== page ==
Ciccone bided his time, keeping his head down through the opening couple of weeks. And then, then, stage 16. 

“I remember that several times during the year, chatting with friends and people on the Giro, many of them said, ‘it’s the right stage for you’,” Ciccone later reminisced. “I had studied it, I was prepared, but that May 28th, in the morning, I was still nervous. My teammates also noticed because up to that moment, I was always laughing and joking at the sign-in, but not that day.”

Chuckles Ciccone was a man with a plan, and he executed it, jumping in a breakaway on a wet, cold day and holding off a chasing group of GC riders. Glued to his wheel was Jan Hirt (Astana). Hirt was not cooperative, and Ciccone was left feeling hurt. “I mean, put yourself in my shoes … getting angry was the least I could do!  I was pissed,” Ciccone said later. But as the duo approached the finish line, Hirt had no answer and an enraged Ciccone won the stage.

As he did, his sunglasses bore the brunt of the fury.

Now you see them, now you don’t. Photos: Cor Vos.

“When I saw the finish line, I let all my anger out. The throw of the Koo glasses was born like this – an instinctive gesture, a liberation,” Ciccone said later (probably with a little help in the messaging from a marketing team scrambling to patch things up with an aggrieved sponsor). 

Ciccone came close to winning a stage at the 2019 Tour de France a couple of months later, but his sunglasses remained delicately balanced in his helmet, toss-free until 2020.

Ciccone had not forgotten – and he apparently liked his new flourish enough that when he won the Trofeo Laigueglia in February 2020, a neon yellow pair of Koos went gliding into the Ligurian air. The crowd lost their goddamn minds. Obviously.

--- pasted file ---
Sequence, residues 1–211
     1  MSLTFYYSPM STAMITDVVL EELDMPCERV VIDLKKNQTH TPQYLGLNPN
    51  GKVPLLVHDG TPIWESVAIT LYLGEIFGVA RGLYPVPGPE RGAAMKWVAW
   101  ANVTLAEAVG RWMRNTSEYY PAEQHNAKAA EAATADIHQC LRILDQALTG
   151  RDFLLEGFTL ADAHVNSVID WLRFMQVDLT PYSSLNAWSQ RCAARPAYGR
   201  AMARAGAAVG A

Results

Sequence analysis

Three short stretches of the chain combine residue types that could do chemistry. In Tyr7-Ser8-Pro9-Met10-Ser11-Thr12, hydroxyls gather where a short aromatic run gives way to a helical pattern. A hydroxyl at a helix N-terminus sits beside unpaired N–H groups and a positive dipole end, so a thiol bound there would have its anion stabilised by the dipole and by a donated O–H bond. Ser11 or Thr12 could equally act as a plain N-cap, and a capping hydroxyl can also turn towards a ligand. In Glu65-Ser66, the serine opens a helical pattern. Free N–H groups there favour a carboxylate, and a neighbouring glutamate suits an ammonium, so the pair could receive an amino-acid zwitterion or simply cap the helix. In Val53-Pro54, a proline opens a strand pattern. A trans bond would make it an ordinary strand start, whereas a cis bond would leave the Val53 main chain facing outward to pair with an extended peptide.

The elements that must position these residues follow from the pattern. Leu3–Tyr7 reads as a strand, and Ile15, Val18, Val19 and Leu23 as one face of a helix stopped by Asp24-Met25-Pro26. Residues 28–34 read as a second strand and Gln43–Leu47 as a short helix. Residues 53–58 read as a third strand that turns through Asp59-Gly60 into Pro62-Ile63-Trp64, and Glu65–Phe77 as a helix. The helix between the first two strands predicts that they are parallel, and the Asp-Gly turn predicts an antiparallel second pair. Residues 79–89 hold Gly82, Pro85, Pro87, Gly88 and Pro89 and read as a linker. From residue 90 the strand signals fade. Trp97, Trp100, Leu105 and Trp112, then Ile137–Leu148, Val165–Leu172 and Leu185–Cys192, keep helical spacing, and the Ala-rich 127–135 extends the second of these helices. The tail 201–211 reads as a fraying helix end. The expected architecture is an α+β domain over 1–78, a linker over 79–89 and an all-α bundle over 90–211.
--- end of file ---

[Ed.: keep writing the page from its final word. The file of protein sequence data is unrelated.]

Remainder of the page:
Which brings us to last Sunday, stage 15 of the 2022 Giro d’Italia – Ciccone again off the front, 90 seconds clear, riding not with rage nor early-season exuberance but with a victory celebration up his sleeve nonetheless. Over the line he went. Up in the air they went. A triptych completed: three pairs of Koos – The Glasses So Nice, He Threw Them Thrice™. $800 or so of premium Italian eyewear, sacrificed for the glory of sport, of Italy, of Giulio Ciccone. 

But wait.

On the road in Cogne, over Ciccone’s left shoulder, lying on the tarmac was a mystery – a second pair of sunglasses, black not yellow. Was Ciccone, like a great prima donna, being cascaded not with bouquets but with sports eyewear? Was there a second sunglass-tosser? Does everybody just do this thing in Italy?

Has Ciccone’s salute evolved to a second pair, tactically deployed from a jersey pocket while all eyes are on the rider’s hands and head? Does Giulio Ciccone maybe really hate Koo sunglasses?

Who tossed the other pair? Photo: LUCA BETTINI/AFP via Getty Images

Perhaps we’ll never know. After all, a great magician never reveals his secrets. But if the magic trick is redistributing cycling sunglasses to the roadside fans of Italy, one win at a time, there’s only one magician in town: the Magnificent, the Incomparable Giulio Ciccone.